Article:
Singapore

Expansion of DSA shows 'strong message': Parents, principals

Principals embrace changes in scheme as there is less focus on academics

Parents and school principals welcomed the changes in the Direct School Admission (DSA) scheme, with one saying it would help to "democratise schools beyond the usual names".

Evergreen Secondary School principal Carol Lim said: "The public will be encouraged to learn the skills and strengths of all schools, not just certain schools that have built certain names in certain areas."

Mrs Lim said it would be good for everyone to be more curious of schools in the neighbourhood.

"They can appreciate that every school is a growing and good school," she added.

Education Minister (Schools) Ng Chee Meng yesterday announced the expansion of DSA places in secondary schools, the removing of general academic tests and streamlining of DSA applications.

Tanjong Katong Girls' School principal Mary Seah said the expansion has sent a "strong message" for students to pursue their dreams and non-academic talents "without fear".

Queensway Secondary School principal Benjamin Lui felt the changes "reflected the move away from merely looking at academic achievement".

This may encourage parents to develop their children in other areas instead of solely academics. Madam Choo Pheh Fun, who has a 10-year-old son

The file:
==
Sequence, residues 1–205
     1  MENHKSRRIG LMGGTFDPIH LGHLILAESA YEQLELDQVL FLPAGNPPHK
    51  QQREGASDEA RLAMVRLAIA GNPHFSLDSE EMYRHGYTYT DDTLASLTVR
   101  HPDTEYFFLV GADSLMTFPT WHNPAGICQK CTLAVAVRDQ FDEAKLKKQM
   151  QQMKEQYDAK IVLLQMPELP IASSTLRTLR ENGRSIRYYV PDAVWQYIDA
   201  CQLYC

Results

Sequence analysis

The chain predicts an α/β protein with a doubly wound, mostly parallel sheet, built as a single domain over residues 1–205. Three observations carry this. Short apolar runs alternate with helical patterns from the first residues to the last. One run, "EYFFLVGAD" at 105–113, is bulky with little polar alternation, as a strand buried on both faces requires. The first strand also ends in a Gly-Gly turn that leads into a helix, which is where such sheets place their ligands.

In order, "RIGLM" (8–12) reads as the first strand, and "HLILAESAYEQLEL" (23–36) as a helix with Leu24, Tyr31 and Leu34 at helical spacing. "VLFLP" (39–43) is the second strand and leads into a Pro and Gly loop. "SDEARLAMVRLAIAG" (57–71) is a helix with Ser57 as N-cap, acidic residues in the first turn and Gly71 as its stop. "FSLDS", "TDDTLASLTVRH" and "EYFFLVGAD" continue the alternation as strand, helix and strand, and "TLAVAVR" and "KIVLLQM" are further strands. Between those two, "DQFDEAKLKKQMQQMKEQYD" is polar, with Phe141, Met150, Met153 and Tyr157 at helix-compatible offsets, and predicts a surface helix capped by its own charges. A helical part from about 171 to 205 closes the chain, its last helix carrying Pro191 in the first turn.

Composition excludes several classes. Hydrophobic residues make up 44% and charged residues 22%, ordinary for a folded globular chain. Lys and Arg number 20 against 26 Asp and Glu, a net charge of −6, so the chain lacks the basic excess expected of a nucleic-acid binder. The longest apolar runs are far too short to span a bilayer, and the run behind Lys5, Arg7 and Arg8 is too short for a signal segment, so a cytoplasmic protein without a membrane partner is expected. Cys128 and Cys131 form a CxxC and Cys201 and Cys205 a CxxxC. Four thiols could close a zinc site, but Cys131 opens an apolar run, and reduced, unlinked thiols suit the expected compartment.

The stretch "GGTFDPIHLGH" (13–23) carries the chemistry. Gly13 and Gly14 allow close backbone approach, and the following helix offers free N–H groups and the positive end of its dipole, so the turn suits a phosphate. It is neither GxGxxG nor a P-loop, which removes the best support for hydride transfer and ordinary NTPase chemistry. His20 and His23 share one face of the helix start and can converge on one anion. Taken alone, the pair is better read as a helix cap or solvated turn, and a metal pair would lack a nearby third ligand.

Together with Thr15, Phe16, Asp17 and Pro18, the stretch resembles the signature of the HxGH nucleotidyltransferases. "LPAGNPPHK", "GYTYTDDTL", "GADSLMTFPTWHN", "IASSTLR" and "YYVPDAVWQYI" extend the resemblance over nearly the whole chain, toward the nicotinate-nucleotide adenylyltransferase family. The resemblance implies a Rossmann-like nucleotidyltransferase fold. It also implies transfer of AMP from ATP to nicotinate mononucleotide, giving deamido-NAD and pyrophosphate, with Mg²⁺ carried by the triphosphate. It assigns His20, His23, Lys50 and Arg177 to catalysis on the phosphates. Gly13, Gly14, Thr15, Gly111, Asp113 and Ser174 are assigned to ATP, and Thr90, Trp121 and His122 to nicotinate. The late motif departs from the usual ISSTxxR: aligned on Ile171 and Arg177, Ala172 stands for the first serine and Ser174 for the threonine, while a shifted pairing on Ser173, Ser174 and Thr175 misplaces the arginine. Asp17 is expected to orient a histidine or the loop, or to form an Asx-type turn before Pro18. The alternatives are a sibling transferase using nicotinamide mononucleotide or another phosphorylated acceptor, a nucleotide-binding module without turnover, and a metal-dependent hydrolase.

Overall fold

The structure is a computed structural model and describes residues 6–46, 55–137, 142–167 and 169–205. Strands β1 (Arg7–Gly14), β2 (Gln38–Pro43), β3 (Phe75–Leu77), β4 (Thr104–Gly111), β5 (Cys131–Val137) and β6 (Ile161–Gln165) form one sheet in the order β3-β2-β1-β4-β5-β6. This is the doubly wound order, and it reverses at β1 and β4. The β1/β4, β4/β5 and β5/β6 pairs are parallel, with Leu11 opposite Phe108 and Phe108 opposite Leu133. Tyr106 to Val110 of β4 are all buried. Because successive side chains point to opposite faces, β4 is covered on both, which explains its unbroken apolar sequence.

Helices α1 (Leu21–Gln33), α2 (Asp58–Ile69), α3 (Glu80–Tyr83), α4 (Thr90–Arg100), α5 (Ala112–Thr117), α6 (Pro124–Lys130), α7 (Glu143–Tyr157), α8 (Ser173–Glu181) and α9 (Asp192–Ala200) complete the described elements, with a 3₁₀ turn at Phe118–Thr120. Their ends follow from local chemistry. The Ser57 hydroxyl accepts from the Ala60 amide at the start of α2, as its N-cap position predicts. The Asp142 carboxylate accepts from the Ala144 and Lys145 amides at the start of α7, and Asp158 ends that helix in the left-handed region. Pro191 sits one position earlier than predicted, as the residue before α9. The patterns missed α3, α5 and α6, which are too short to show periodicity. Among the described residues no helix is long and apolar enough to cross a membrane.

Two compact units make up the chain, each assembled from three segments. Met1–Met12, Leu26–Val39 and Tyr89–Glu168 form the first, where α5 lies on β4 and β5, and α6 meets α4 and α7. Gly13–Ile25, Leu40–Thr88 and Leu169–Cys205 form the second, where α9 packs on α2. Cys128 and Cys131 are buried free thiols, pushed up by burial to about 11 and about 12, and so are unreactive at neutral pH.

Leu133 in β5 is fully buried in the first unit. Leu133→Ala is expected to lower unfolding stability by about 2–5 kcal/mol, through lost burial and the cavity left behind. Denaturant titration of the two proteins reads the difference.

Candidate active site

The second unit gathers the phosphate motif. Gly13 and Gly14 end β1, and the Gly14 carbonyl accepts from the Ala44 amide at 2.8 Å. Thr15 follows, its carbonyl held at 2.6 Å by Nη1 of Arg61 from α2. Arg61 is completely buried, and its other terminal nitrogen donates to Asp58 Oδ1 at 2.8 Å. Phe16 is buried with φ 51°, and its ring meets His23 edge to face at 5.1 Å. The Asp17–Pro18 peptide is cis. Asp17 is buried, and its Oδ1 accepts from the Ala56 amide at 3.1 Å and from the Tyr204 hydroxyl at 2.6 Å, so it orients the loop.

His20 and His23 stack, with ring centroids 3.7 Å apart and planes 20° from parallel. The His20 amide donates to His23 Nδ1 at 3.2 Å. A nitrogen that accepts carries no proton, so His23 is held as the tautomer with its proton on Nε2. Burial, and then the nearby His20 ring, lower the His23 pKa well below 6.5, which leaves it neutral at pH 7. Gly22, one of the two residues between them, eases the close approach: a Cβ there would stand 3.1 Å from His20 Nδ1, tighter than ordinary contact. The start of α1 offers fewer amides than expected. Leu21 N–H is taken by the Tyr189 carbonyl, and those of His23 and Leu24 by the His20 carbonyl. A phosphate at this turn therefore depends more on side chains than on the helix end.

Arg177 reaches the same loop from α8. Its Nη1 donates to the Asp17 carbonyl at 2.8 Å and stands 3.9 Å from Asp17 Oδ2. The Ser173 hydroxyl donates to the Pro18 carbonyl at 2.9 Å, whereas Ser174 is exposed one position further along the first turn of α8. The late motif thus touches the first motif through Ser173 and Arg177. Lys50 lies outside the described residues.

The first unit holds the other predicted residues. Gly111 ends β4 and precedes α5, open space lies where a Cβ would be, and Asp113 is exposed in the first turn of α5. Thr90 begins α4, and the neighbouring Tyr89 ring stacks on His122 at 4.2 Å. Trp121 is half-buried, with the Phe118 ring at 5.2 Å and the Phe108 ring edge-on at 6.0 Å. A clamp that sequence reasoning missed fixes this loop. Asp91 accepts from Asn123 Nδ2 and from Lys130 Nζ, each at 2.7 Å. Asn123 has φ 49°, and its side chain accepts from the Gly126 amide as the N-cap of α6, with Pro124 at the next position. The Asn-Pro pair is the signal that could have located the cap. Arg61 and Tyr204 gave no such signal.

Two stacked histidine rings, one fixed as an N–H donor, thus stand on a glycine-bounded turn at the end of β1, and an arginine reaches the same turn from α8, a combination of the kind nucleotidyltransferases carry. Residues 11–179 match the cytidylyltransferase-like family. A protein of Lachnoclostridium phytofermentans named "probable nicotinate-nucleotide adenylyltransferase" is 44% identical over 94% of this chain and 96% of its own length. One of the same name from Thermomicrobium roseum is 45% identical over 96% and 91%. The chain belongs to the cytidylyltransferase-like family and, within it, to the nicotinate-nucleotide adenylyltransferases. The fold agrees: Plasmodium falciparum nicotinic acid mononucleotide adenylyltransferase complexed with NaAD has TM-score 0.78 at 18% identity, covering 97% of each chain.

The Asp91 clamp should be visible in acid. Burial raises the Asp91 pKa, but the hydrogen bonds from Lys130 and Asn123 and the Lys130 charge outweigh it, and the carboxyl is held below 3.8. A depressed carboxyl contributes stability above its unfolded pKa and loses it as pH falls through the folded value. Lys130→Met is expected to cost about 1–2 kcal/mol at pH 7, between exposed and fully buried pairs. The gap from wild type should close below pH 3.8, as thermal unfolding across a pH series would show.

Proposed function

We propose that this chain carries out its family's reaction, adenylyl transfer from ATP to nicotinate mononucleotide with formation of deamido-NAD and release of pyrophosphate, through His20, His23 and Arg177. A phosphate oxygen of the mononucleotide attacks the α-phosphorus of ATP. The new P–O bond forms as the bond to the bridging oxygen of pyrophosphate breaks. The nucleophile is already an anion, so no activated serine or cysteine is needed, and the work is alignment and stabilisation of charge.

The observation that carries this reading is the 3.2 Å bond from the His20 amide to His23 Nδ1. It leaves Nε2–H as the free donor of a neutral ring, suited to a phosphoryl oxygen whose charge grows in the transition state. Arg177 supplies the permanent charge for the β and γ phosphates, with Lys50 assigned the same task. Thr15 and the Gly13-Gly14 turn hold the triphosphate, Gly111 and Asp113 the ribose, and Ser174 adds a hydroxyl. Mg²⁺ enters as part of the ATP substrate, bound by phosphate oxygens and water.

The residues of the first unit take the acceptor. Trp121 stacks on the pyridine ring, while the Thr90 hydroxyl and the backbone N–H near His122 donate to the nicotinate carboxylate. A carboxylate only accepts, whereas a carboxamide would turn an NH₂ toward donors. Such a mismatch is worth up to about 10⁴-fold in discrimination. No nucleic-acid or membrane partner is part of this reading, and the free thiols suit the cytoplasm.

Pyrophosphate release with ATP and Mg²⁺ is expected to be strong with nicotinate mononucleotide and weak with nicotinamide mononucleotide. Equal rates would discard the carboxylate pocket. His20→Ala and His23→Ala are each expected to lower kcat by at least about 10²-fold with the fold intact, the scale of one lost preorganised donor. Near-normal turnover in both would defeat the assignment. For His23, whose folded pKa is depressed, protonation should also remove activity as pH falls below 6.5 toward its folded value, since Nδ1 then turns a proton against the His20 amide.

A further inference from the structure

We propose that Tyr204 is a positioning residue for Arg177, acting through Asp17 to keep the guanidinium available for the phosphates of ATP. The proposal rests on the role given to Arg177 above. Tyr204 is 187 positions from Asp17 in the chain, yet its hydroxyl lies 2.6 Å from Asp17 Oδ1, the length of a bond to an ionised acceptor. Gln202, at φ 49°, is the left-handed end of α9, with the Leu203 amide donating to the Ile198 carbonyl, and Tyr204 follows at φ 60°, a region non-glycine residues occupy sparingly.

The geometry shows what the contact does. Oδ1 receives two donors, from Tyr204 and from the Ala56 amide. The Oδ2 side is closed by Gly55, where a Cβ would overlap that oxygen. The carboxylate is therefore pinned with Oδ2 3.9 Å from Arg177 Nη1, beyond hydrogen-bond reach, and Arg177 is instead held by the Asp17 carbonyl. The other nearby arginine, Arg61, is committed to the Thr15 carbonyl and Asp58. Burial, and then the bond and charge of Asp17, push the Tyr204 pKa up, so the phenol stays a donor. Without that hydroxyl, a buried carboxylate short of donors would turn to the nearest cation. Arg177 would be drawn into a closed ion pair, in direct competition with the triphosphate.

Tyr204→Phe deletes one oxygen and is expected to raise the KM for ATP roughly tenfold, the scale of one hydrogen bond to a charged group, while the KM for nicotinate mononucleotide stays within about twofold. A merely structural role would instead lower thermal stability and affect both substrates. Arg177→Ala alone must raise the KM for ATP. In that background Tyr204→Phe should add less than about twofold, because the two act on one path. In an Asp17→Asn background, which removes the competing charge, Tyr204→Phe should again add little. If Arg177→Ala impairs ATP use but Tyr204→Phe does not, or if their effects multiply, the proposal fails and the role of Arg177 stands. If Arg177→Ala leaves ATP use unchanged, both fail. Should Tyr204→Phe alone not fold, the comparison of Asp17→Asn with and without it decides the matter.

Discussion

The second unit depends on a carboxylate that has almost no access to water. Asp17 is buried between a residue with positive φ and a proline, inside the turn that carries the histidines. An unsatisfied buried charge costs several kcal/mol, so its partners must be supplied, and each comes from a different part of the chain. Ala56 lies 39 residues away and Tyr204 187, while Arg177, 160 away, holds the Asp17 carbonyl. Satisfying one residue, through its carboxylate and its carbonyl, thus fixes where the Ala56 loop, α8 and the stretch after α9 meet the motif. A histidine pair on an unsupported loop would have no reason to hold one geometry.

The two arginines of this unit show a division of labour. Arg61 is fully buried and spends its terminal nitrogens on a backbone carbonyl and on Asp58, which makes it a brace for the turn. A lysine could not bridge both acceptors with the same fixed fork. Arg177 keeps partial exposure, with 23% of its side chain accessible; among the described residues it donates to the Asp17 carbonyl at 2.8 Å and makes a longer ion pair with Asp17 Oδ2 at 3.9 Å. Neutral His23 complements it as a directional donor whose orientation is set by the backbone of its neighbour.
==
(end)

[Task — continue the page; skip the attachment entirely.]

Madam Choo Pheh Fun, 44, was happy to hear the changes as she is planning for her son, 10, to enter secondary school through DSA in sports.

She said: "I am glad more places are reserved for students to qualify through DSA. This may encourage parents to develop their children in other areas instead of solely academics."

Another parent who wanted to be known as Madam Chua, a 45-year-oldĀ mother of three, said her daughters, aged 13 and 15, entered secondary school through DSA in gymnastics, and her son is trying out different sports to find a niche he can use for DSA.

"It is a good thing because there are more places for DSA students... But parents may also become more competitive and push their children to excel in sports because there are more places," she said.

Other changes by Ministry of Education

Catering to students' academic strengths

By next year, all secondary schools offering Normal (Academic) or Normal (Technical) courses will offer subject-based banding. Students can take subjects in which they have done well at a higher academic level.

Enhancing government bursaries

More students in post-secondary education institutions will be eligible for bursaries. The amounts will increase to between $200 and $400.

Strengthening aptitude-based admissions

Polytechnics' Early Admissions Exercise (EAE) intake allowance will increase from 12.5 per cent to 15 per cent. ITE will also start the EAE this year.

Future-ready training

A new Future@Work Programme will build awareness, knowledge and competencies needed in the future economy. This will include an understanding of emerging technologies, how they impact work, and how to interpret and use data.

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